Warts can occur at any age if you come in contact with an infected person. However, its prevalence is high among children due to their lower immunity. About 10% to 20% of children are affected worldwide by skin warts. Genital warts are more common among sexually active adults. There is no gender prevalence associated with this condition.

Signs And Symptoms

Warts can vary in size, color, and texture depending on the type of HPV virus you are infected with. Most warts appear as little growths on the skin that can be skin-colored, pinkish, white, grey, or black. They are rough in texture and can be felt as small bumps on the skin that may or may not be accompanied by pain. The skin surrounding a wart lesion can be darker or lighter than your regular skin color. These warts can be present on the face, limbs, oral or genital regions. 

Diagnosis

Warts can be diagnosed based on clinical presentation alone. Your doctor may require history about the onset, duration, and severity of symptoms. This is followed by a clinical examination of the skin region affected by warts. Your doctor can shave a small sample from the area and examine it under a microscope for a conformational diagnosis. A biopsy is recommended in a few cases where a cancerous lesion is suspected. 

Differential Diagnosis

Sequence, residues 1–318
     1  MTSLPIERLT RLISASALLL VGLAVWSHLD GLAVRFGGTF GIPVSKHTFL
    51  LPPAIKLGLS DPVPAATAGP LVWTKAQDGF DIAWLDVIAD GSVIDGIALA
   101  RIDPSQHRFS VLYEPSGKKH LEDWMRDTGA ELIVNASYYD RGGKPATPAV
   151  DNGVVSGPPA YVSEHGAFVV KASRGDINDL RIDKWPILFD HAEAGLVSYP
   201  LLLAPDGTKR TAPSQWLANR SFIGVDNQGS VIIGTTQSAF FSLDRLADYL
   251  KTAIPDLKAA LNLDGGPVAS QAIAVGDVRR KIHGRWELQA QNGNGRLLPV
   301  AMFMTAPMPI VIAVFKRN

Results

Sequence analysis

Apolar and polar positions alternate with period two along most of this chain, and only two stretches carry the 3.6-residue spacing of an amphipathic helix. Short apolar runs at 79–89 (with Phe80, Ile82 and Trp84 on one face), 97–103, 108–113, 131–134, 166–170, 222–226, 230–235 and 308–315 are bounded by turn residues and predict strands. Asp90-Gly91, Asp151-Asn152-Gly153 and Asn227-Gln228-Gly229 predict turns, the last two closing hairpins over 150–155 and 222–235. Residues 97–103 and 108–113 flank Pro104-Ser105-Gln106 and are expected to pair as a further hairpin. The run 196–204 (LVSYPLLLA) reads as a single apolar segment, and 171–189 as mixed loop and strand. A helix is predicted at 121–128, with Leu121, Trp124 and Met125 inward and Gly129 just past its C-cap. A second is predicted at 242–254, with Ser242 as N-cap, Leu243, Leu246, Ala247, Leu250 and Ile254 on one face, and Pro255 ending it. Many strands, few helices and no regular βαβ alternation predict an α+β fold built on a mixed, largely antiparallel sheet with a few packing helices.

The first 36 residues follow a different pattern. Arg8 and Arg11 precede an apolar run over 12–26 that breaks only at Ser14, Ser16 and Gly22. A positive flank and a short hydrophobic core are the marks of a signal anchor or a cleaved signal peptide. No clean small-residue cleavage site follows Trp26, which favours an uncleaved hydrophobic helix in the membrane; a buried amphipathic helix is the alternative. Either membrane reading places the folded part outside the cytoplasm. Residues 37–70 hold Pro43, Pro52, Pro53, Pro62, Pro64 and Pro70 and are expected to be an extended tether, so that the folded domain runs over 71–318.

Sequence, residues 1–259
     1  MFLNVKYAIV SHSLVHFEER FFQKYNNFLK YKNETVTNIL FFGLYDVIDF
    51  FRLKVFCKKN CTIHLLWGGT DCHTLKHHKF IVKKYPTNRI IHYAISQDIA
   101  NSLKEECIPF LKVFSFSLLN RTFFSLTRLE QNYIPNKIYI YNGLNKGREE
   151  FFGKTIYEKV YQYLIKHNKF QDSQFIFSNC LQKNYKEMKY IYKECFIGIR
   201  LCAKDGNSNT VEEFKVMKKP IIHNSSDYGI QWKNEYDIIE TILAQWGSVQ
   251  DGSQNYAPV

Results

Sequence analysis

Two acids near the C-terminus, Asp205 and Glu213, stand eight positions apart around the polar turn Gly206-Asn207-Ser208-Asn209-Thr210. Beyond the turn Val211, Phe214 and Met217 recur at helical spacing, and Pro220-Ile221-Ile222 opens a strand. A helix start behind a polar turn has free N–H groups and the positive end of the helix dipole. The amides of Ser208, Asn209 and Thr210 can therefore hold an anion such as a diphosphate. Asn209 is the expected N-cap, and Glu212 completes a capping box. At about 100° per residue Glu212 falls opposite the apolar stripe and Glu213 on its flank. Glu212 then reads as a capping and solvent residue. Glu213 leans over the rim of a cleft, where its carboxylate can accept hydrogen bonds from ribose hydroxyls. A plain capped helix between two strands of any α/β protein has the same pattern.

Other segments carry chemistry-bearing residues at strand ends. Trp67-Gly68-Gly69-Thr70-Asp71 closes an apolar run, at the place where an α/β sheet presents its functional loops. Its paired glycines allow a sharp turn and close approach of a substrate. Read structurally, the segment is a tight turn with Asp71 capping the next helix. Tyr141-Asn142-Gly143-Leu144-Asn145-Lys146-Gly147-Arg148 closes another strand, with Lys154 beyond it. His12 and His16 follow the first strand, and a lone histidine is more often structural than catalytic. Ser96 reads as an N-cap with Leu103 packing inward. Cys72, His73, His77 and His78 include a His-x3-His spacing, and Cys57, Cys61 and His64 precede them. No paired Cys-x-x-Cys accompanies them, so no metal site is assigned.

Signs and symptoms of warts may resemble other skin or genital conditions. Some of these conditions include lichen planus, lichen nitidus, seborrheic dermatitis, actinic keratosis, squamous cell carcinoma, syphilis, herpes simplex infection, familial benign pemphigus, etc.

Treatment

Treatment of warts depends on the severity of the condition. Small, painless warts generally do not require any treatment and can heal by themselves in a certain period of time. If you have warts that cause cosmetic issues or discomfort, treatment begins with the least invasive measures, such as the use of salicylic acid or topical medications. Cryotherapy is the next option of treatment. In this procedure, liquid nitrogen is applied to the wart lesion to freeze it off from the rest of the skin. The wart may fall off after one or more applications. If these treatment options are not successful, other options are considered, including surgical curettage, laser therapy, electrodesiccation, and a few other techniques. It is recommended to avoid scratching a wart lesion and limit contact with other individuals to limit the spread of this infection.  

Medication

Salicylic acid is the most commonly prescribed medication for warts. It removes the layer of warts or dead skin cells with consistent use and increases immune response to fight off the virus. Trichloroacetic acid can be used as an alternative to salicylic acid. Topical ointments with imiquimod, podofilox, or sinecatechins can be used in given prescriptions for genital warts. 

Prognosis

The majority of warts cases recover well even if they are not treated. Medication and other techniques can help with the early disappearance of warts without waiting for months or years. The prognosis of cancerous lesions depends on their severity and stage of diagnosis. 

Prevention

Warts can occur at any time without any preceding factors. There are vaccines available for certain types of papillomavirus, which should be received if possible. However, you may still develop warts if you get infected by other types. Prevention methods are used to limit the spread of warts. Avoid scratching your warts or shaving over them. You need to be extra careful if you have a habit of nail-biting. Sharing clothes, towels, razors, and other personal items should be avoided until warts have been treated.